Jamal Adams: "The plan is to retire here" after trade to Seahawks

New York Jets v Washington Redskins

RENTON -- Jamal Adams has only been a member of the Seattle Seahawks for five days. However, Adams' excitement over being traded to Seattle by the New York Jets over the weekend has the newest Seahawk giddy about the chances of playing the rest of his career in the Emerald City.

In his first meeting with reporters since the trade was agreed upon on Saturday, Adams expressed his excitement over joining the Seahawks multiple times and said he hopes to plan the rest of his career in Seattle.

"The plan is to retire here," Adams said, via a zoom call from his hotel room. "This is my plan. But obviously, those things handle themselves. When all you have to do is just go on the field and perform, do the right things on and off the field, and those things will take care of itself, man. So I'm very excited to be here. I know the rest of the guys are excited to have me, and the coaching staff, and everybody else. So again, man, we'll worry about that when the time comes."

The Seahawks sent two first-round picks, a third-round pick and safety Bradley McDougald to the Jets in exchange for Adams and a fourth-round pick. It was a significant price to pay to bring the All-Pro safety to Seattle. Adams said he's ready for any added pressure that may come from such a price being spent to bring him in noting "no pressure, no diamonds, man."

"It's a new situation for me. It's new teammates. It's a new city. But at the end of the day man, I'm here to play football. I'm not focused on trying to prove anybody wrong. If anything, I'm trying to prove to myself of what I'm capable of doing in doing more I just want to keep elevating my game each and every year and that's what it's about," Adams said.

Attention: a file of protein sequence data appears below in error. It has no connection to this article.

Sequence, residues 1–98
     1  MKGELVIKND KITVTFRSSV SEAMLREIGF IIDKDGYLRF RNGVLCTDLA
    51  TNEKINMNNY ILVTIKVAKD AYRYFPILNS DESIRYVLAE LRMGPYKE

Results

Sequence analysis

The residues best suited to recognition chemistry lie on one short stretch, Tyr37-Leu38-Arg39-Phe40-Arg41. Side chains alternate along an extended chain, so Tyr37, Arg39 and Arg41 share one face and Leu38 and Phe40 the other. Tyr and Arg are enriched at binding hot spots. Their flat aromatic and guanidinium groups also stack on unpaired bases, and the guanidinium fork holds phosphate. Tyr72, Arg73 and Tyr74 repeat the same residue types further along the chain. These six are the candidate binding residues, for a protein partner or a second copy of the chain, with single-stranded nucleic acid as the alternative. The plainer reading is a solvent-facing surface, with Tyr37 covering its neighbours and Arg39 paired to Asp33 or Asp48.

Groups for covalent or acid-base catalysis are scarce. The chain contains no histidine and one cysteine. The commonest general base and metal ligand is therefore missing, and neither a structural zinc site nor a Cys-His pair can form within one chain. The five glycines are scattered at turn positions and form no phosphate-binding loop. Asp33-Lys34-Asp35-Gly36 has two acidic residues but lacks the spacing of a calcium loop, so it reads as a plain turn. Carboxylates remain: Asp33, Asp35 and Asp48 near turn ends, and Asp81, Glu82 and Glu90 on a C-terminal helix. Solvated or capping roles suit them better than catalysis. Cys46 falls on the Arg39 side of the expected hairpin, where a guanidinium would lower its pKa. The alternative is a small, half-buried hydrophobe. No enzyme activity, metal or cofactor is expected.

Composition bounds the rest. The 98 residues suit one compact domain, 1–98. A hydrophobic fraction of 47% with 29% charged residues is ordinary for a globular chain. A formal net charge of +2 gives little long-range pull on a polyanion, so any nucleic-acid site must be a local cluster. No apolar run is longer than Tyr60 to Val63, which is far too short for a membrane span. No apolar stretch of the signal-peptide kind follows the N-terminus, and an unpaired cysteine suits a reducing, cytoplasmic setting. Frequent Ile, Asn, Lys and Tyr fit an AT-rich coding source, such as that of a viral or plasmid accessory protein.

Adams said the lead up to the trade was an anxious time for him as he wasn't sure what was going to happen. He had requested a trade from the Jets and expressed his displeasure with several aspects of the organization multiple times in recent weeks.

“I was really stressed, I went out with my family, and some of my loved ones and my brothers and they could see it on my face how stressed I was because I didn’t know where I was going to go," Adams said.

“I prayed on it hard and I asked God to place me where I needed to be, whether that was go back to New York or whether that’s to be traded. This is my calling, man. I’m here to stay and I’m excited to be a Seattle Seahawk and I’m really overwhelmed, but at the same time, it’s so surreal to be around a great organization like Seattle.”

When it started to come through that Seattle was nearing the completion of a trade to bring him in, Adams' agent told him to keep it quiet and not tel anyway else. But Adams couldn't help himself. He immediately reached out to Seahawks free safety Quandre Diggs to tell him what might be happening.

"He's like a brother to me and we've known each other for a very long time and we always talked about 'man, what if we play together,'" Adams said.

Diggs was Adams' host on a recruiting visit to the University of Texas and the two became close friends afterward and remained in constant contact. When he finally got the call that the deal was done and he was heading to Seattle, Adams celebrated.

"When I got the call, honestly, I broke down in tears of joy," Adams said Thursday. "A lot of mixed emotions. I'm gonna miss a lot of the guys over there. But at the end of the day, man, this was my calling. This was where I need to be."

Despite the rocky ending to his tenure with the Jets, Adams said he harbors no ill feeling toward the team forward.

“I have nothing but love and respect for a lot of those guys over there in that organization,” Adams said. “I wish them well, I really do. I know a lot of people might, you know, think it’s not coming from the heart but it really is."

Photo Credit: LANDOVER, MD - NOVEMBER 17: Jamal Adams #33 of the New York Jets reacts to a play during the second half of the game against the Washington Redskins at FedExField on November 17, 2019 in Landover, Maryland. (Photo by Scott Taetsch/Getty Images)

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